VANish (2015)

Vanish posterVANish
★★★★✫
Director: Bryan Bockbrader
Dark Sky Films (Official Site)
79 Minutes
Available February 24 on VOD, iTunes, DVD and Blu-ray

Bryan Bockbrader’s directorial debut VANish (2015) is a tight little action-horror film with plenty of twists, turns and splatter to entertain even the most jaded of indie movie fans. This ultra low-budget flick was shot in just 13 days and runs at a confident, snappy pace. Stalwart indie legends Tony Todd and Danny Trejo have small but pivotal roles, and they’re both terrific here, of course, because they’re Tony Todd and Danny Trejo. But make no mistake, VANish belongs to its four leads, especially Maiara Walsh, who puts in a fantastic turn as a strong and savvy hostage victim.

Jack (Austin Abke) and Max (Bryan Bockbrader) have a solid plan: to kidnap Emma (Walsh) and hold her hostage until her father coughs up $5 million. But the plan goes south almost immediately as the unhinged Max starts shooting at the first sign of trouble, and the addition of Jack’s old Army buddy Shane (Adam Guthrie), a man sporting a nasty case of PTSD, doesn’t help. Jack finds himself in the thankless role of the smartest guy in a room full of dimwits who have no idea how to handle their captive. A surprise visit from some goons in ski masks and a series of startling revelations turn what at first seemed like a typical (albeit ill-advised) kidnapping into a very dangerous situation.

Filmed entirely from inside the van where Emma and her kidnappers spend most of their days, VANish practically relishes in its low-budget constraints. Cinematographer Colby Oliver does an fine job of keeping the visuals fresh while never letting the viewer forget that they’re stuck in this dingy, cramped space with everybody else. It’s exhilarating and terrifying and you are guaranteed to come down with a raging case of claustrophobia within minutes. But VANish is also funny, and at all the right times. This is a film that displays a love of exploitation films and has a lot of fun with the genre — and what’s the point of an exploitation movie if you aren’t going to have some fun with it? — but there is also a deep respect of the genre, and a keen understanding of the ability of exploitation to objectify its characters while also elevating and empowering them.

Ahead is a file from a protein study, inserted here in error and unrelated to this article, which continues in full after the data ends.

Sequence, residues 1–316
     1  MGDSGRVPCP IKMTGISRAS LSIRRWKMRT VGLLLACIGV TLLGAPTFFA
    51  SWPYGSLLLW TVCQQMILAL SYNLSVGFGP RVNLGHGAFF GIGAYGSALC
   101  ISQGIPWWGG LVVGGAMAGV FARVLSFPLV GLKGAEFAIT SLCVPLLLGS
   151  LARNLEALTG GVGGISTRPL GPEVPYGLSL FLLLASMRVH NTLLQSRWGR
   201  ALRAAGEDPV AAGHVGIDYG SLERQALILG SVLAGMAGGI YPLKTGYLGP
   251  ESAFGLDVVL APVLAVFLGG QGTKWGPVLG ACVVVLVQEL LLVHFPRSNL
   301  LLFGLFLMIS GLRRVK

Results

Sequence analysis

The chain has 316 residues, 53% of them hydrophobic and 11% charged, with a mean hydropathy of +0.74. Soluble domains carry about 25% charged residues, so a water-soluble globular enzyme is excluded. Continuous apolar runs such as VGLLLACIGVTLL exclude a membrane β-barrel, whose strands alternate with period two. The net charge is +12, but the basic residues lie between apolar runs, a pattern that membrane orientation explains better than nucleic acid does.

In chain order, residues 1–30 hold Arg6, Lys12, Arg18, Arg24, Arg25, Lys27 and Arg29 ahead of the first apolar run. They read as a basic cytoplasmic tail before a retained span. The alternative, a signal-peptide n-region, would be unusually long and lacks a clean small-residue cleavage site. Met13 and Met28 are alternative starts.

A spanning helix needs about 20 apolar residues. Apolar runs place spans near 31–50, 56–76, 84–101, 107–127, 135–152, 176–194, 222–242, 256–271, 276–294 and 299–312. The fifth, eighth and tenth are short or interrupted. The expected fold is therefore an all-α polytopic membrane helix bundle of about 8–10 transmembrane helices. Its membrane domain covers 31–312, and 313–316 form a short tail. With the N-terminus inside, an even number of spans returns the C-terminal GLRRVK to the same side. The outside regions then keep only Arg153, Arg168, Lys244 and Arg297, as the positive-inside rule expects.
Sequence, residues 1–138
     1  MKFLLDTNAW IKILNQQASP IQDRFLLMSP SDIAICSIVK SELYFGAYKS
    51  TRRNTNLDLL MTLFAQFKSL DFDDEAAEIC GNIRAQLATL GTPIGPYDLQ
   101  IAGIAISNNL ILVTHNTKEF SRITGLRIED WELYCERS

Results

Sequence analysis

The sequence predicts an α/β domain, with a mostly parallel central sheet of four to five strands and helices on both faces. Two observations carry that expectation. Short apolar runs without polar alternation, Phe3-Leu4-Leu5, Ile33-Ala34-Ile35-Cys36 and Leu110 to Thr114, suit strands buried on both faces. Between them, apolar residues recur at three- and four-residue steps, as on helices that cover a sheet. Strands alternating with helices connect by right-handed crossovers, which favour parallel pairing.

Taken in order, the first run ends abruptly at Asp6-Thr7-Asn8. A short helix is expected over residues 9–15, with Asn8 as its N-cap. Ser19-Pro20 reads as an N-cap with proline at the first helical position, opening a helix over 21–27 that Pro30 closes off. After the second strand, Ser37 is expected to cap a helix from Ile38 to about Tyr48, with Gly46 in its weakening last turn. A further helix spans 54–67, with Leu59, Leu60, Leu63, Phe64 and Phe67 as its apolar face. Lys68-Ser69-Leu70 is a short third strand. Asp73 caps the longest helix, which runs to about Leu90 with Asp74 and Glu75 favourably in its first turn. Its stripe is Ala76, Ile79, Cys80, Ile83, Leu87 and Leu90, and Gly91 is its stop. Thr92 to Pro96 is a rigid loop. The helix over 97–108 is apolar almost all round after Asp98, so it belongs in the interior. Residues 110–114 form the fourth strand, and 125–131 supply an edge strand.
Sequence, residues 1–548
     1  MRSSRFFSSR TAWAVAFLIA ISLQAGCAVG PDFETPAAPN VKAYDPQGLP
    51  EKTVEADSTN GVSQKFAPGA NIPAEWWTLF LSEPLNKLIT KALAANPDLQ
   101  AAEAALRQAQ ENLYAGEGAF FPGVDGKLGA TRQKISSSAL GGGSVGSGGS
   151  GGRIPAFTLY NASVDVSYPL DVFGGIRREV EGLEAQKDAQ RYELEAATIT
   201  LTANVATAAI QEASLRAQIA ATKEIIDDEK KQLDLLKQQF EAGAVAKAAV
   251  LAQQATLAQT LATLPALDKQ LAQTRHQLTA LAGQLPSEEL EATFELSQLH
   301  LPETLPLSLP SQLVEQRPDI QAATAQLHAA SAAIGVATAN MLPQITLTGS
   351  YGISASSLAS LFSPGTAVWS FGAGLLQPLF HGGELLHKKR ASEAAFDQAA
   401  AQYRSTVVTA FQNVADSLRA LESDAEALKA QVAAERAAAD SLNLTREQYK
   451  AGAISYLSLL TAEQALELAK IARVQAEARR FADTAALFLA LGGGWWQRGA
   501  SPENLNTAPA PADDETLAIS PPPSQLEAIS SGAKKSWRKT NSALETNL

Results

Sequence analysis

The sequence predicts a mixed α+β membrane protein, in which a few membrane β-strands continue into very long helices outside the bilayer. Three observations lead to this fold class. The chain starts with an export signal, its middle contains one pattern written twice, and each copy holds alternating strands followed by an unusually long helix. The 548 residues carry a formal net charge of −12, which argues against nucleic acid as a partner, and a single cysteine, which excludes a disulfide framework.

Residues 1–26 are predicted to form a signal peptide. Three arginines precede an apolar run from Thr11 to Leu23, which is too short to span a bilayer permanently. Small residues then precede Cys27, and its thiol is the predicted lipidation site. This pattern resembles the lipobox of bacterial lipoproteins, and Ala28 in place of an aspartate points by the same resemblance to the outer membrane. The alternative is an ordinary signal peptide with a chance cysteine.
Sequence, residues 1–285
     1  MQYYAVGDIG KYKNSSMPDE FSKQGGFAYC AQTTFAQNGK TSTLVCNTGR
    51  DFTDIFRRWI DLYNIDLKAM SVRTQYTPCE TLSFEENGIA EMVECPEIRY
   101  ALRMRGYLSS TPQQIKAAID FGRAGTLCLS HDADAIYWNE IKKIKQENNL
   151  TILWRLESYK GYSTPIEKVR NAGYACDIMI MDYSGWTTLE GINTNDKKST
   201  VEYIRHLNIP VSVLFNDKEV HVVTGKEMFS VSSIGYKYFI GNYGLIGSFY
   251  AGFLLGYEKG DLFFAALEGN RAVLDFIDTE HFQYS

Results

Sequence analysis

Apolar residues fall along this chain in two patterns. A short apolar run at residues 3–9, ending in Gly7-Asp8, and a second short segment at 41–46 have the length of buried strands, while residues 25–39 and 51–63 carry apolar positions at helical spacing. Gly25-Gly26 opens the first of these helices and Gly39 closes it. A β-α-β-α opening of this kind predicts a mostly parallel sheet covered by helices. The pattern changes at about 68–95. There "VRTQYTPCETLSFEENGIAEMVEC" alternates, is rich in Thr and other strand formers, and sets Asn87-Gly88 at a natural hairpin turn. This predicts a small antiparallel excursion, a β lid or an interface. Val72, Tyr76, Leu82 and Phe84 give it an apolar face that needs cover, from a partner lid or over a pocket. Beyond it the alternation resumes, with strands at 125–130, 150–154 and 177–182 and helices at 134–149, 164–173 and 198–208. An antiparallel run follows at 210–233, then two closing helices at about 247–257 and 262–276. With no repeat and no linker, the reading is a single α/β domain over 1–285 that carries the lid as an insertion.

It’s a testament to Bockbrader’s skill that the trickiest scene in the film is the best. The moment is a group confession, a typical enough scene in horror films, but in VANish avoids becoming a block of exposition; instead, it’s a revelation. There are surprises and admissions of guilt, honesty mixed with self delusion, confusion and humor and more. It’s pages of prose come to life without pretension or self-consciousness, a scene so confident it’s content to merely inform the narrative rather than overwhelm it.

VANish has all the requisite tropes about family and betrayal that every good action-horror film should, but there’s something really interesting going on just under the surface here, too. The men of VANish are troubled, without question, and though their troubles come from a whole lot of different places, they always come back to blaming women for everything wrong in their lives. Coupled with Emma as their primary victim, this would be easy to chalk up as a set-up for a typical “girl power” kind of finale. But as the film unwinds, we realize there are more victims than we ever seen on the screen, and women aren’t the only targets of their rage, not by any stretch. There’s a terrific subtlety in this revenge flick, insights nestled quietly between the beer cans and Facebook jokes and sawed-off shotguns. VANish is a solid, entertaining film, and marks Bockbrader as an up-and-coming director to watch.

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